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Gas Turbine Trip Due to Damper Open Signal Loose
HRSG at the rear of the diverter damper fallen.

MFT trip due to broken support of the HRSG location is the just before the entrance of exhaust in HRSG. Then ST trip within a 10 second after that GT trip on that time. Although GT exhaust site damper is ok mechanical movement is ok. I want to know proper explanation why it is TRIP. If possible please describe through Mark 6e logic.

2 out of 3 members thought this post was helpful...

mrabby,

What is an MFT, please?

I also realize the English is probably not your primary language. I understand you are asking why the unit trips when [something happens], but I'm really struggling with what the [something happening] is.

GTs will NOT perform well when the back-pressure on the exhaust is too high. In fact, they can be severely damaged if the exhaust back-pressure is too high.

I have seen sites that used a single limit switch on the HRSG damper mechanism to initiate an alarm and/or a trip when the damper was out of position. And, most often when only a single limit switch is used there are "reliability" issues (that switch or its mounting bracket) often gets damaged, and that causes the turbine control to trip the unit and/or prevent a START.

But, other than that, I can't offer any more (because I really can't understand the scenario).

And, the question about the "Mark VIe"-based explanation is unclear, also. Are you trying to find the logic signal associated with the limit switch? Generally, that is often listed on the HMI Trip Display (the logic signal name associated with each trip condition).

Hope this helps!

1 out of 1 members thought this post was helpful...

>MFT trip due to broken support of the HRSG location is the
>just before the entrance of exhaust in HRSG. Then ST trip
>within a 10 second after that GT trip on that time. Although
>GT exhaust site damper is ok mechanical movement is ok. I
>want to know proper explanation why it is TRIP. If possible
>please describe through Mark 6e logic.

Is MFT Master Fault Trip? Is HRSG is getting the exhaust from one GT or more? Is there only Exhaust damper installed on your site?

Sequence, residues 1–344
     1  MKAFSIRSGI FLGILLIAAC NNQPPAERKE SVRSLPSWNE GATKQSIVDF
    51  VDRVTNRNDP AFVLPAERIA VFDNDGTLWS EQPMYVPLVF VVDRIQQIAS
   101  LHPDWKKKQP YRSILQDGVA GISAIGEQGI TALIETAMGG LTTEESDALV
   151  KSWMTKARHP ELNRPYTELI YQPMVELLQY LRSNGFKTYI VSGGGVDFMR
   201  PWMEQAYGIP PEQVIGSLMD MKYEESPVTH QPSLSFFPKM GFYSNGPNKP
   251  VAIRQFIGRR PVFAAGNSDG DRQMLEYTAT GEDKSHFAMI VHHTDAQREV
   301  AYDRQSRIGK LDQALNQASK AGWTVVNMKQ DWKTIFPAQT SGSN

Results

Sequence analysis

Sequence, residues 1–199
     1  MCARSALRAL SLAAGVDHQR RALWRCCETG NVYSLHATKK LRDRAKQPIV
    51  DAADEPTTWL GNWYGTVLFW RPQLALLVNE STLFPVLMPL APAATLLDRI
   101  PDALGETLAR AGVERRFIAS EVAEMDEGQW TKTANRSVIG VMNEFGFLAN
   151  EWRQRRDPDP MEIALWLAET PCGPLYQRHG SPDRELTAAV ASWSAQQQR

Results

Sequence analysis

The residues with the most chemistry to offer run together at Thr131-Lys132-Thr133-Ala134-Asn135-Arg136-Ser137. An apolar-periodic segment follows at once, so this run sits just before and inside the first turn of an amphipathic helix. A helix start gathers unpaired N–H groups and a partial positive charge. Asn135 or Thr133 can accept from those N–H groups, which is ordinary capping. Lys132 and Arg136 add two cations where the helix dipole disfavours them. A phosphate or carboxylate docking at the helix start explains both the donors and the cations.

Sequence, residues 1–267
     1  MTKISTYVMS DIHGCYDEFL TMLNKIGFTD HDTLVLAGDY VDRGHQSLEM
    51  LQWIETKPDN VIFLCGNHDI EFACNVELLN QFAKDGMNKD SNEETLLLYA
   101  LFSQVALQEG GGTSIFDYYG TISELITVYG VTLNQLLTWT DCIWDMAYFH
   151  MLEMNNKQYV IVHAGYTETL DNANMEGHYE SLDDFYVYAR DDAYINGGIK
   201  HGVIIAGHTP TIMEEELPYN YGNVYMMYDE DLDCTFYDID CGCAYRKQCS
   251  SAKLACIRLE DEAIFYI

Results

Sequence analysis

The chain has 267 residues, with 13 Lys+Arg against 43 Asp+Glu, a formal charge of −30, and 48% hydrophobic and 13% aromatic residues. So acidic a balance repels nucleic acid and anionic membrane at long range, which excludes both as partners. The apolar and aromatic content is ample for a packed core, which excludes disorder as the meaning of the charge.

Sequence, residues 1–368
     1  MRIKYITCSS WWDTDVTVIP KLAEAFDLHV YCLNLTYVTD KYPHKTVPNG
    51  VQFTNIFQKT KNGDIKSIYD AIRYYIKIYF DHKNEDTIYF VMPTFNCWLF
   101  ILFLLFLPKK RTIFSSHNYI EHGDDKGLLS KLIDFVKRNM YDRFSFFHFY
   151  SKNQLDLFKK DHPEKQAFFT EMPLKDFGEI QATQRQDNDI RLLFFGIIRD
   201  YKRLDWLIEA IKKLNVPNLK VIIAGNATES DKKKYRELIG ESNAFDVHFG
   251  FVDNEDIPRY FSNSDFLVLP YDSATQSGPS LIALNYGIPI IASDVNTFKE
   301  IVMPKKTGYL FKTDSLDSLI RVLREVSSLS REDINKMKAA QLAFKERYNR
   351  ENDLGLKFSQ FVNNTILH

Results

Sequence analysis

On our site HRSG is getting the exhaust from the two GTs. We have the option to run on the OPEN cycle (when GT exhaust is going towards the atmosphere) and combined cycle (When GT exhaust is going towards HRSG).


atmosphere
| |
| | | |
-------------Damper1-------------------------------- ------
GT1 - - - > |Damper2 | < - - - GT2
--------------------------------------- -----------------
| HRSG |
| |

Our site arrangement is shown above. We have two dampers for each GT. Lets call them Damper 1 and Damper 2. The basic idea is that when the exhaust air comes out of GT it should have a path to flow out either directly to the atmosphere (Open Cycle) or through the HRSG to the atmosphere (Combined Cycle). If both ways are closed then the turbine will trip on High back pressure. The high back pressure condition will occur if both damper1 and damper2 are close(There is no way for the air to go anywhere). It is the security of the turbine. If there is no way for the air to go it should trip. If it does not trip on that it will trip on high back pressure. So the limit switches are installed with each damper. One limit switch is for OPEN position and other is for CLOSE position. Either of the dampers must be open for turbine to work.

If both dampers are closed the turbine will trip.

I can discuss the MarkV or MarkVIe logic if you provide the details about your site. Hope it will help.

1 out of 1 members thought this post was helpful...

If the stack damper comes off the "open" switch, the logic has to assume the damper is on its way closed. Ergo the MFT, (Main Fuel Trip), which among many other events, within milliseconds, slams the IGV's closed so the humongous air compressor no longer has air to push. Were you maybe thinking of sending a tech out to the stack and try to "save the unit"? 30"~40" WC back pressure prolly wont hurt the CT, if it's a GE, but should be more than enough to bulge the sides of the HRSG, then watch gravity do the rest.